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Seager Wheeler - The Man and His Influence

Seager Wheeler (1868-1961) was probably the most famous farmer in the history of the Canadian Prairie Provinces. He was best known as an international prizewinner in wheat competitions and author of numerous publications on progressive farming techniques. Yet he also gained renown as a part-time inventor of farm implements and developer of new grain and horticultural varieties. Collectively, his contribution to the science of farming helped publicize the agricultural potential of the Canadian Prairies in the region's critical formative period.

Born in England in 1868, Wheeler emigrated to the Canadian prairies in 1885. He was one of thousands of British and central Canadian settlers to seek homesteads in the North-West after Confederation. Wheeler worked for five years at various jobs in the new centers of Saskatoon and Moose Jaw before making entry in 1890 to his homestead near the present town of Rosthern. Educating himself in the principles of dry land farming he applied his expanding knowledge by entering prizewinning produce at local fairs from 1907 on.

In 1910 Wheeler was accepted into the Canadian Seed Growers Association and the following year obtained Marquis wheat from the Central and Rosthern Experimental Farms. Sending a sample of his crop to the New York Land Show, he won the Canadian Pacific Railway sponsored first prize of $1000 in gold coins for the best hard spring wheat grown in North America. Other awards for his wheat followed at competitions in Denver in 1915, El Paso in 1916, at the International Soil Products Exposition in Kansas City in 1918, and at other fairs in Regina, Saskatoon, Peoria, Winnipeg and Chicago.

Wheeler became a prominent educator in the new scientific agriculture. Scientists, universities and farmers on three continents requested seed samples. Wheeler spoke frequently on agricultural topics throughout Saskatchewan. His numerous articles published in the Grain Growers Guide after 1910 formed the basis of his book, Seager Wheeler's Book n Profitable Grain Growing published in 1919. A best-selling study of dry-land farming, this publication was the most comprehensive statement of scientific agricultural techniques at that time.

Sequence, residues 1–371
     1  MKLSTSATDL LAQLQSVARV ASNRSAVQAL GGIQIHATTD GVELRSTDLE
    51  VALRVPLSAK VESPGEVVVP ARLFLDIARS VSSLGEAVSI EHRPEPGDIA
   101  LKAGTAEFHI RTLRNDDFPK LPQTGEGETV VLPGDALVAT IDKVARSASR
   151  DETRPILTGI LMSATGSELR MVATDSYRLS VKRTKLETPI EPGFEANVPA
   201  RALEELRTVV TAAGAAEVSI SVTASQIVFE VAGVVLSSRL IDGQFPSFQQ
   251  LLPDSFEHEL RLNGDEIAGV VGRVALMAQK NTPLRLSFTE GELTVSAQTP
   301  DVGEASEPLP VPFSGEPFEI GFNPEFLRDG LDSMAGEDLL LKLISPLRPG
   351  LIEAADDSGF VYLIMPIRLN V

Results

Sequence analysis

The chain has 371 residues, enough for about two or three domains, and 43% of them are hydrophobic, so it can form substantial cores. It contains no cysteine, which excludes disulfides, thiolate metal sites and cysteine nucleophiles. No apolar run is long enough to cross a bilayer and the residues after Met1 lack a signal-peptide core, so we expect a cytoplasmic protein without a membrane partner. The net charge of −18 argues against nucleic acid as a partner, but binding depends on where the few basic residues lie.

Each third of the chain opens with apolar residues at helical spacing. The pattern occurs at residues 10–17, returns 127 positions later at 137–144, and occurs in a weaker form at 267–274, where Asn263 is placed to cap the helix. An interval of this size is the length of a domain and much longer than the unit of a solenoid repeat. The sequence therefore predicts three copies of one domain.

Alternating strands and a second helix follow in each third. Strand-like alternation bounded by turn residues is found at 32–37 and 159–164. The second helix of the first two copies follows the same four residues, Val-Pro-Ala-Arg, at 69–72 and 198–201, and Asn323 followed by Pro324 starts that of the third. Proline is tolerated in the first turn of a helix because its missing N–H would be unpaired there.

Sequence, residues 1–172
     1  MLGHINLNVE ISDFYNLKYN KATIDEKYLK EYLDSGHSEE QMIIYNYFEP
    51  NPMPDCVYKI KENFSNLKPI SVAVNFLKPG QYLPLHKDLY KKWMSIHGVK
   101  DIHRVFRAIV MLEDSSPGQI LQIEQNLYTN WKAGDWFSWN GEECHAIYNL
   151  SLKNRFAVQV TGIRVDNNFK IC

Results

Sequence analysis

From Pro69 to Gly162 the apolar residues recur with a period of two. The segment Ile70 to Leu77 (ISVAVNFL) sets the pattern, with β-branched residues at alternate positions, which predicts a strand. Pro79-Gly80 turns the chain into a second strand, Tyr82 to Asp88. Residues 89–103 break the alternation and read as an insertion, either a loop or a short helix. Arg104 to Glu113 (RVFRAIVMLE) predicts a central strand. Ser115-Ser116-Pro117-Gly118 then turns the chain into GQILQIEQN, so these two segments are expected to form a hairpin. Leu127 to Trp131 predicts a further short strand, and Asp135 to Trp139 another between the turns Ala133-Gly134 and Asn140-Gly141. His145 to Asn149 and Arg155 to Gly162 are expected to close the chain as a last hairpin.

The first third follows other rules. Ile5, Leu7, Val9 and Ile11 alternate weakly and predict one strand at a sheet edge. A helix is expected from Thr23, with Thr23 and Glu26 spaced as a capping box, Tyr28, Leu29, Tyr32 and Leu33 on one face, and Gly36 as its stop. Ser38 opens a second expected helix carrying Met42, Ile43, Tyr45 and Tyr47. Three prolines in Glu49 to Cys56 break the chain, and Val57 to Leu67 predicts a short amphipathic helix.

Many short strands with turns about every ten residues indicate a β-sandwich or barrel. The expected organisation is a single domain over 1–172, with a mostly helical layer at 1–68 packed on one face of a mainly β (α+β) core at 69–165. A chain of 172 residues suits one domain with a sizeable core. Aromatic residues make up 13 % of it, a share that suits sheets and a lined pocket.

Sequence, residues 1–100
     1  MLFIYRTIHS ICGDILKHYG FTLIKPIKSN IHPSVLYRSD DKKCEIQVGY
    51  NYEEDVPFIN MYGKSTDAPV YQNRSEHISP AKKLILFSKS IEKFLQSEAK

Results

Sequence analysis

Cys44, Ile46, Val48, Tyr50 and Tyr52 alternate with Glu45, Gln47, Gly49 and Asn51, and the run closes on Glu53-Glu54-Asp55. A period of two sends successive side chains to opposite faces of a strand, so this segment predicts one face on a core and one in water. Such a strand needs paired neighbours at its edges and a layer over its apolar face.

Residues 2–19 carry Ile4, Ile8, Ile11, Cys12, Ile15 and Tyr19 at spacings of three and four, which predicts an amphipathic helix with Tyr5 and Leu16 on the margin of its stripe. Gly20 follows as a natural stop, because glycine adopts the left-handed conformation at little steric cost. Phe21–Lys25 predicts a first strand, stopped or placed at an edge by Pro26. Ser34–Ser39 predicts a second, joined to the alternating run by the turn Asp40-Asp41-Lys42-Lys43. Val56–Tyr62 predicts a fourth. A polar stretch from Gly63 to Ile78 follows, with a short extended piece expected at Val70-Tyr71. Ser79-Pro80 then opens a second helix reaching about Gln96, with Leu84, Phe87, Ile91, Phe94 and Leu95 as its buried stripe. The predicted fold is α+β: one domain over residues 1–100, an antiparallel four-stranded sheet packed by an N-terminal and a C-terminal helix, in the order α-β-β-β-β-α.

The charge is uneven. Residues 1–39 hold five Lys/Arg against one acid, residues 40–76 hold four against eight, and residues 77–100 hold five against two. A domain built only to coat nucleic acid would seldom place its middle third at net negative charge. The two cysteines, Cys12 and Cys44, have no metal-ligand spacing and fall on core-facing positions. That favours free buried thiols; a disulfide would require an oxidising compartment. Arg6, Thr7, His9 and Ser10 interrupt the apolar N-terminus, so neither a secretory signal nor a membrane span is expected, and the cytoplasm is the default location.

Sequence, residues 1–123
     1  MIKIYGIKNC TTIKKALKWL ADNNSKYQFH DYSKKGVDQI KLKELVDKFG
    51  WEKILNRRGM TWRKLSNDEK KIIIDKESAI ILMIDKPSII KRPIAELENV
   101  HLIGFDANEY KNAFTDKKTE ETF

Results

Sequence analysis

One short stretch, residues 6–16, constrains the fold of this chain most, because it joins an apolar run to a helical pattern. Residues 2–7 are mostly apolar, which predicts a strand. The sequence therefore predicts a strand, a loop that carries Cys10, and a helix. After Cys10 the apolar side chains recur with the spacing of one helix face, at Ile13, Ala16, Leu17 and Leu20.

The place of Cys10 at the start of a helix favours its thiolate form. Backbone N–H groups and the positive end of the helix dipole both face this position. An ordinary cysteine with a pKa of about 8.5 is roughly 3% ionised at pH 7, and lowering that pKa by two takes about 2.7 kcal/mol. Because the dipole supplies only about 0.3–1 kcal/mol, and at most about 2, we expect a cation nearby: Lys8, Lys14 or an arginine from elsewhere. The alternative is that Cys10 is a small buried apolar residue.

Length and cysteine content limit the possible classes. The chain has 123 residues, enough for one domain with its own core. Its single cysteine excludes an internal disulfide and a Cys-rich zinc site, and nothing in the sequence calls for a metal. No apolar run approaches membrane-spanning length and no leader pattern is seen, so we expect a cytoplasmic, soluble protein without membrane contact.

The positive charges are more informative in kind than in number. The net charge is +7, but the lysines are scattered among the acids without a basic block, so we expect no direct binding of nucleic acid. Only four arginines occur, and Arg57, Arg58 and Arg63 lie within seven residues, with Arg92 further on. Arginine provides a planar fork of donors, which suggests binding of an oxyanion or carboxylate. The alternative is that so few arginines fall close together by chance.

Throughout his farming career, Wheeler experimented with seed selection. He developed three new strains of wheat; Marquis 10B, Red Bobs and Kitchener, as well as Victory Oats and Canadian Thorpe and O.A.C. No. 21 Barley. Among the horticultural species he introduced to his region were the Siberian Silver Leaf Willow, the Saskatchewan Crabapple, Prolific and Ruby Cherry Plum hybrids and the Advance Sand Cherry.

As his awards mounted, Wheeler became famous. Journals like MacLean's, Time, The Western Producer and numerous other Canadian, American and British publications printed articles about him. Queens University in Kingston, Ontario gave him an honourable degree in 1920. The King made him a Member of the Order of the British Empire in 1943.

Despite his reputation as the Wheat Wizard of Rosthern, there was no magic to Seager Wheeler's farming. He was an intelligent, hard-working man who continued to learn through patient observation and practical application of theory throughout his long career.

Historians view Wheeler as one of the most accomplished individual farmers in scientific agricultural experimentation at a time when governments and universities dominated the field. By showing what could be achieved in prairie agriculture, he was not only a role model for other farmers, but also facilitated the federal government's efforts to complete successfully the settlement and cultivation of the West.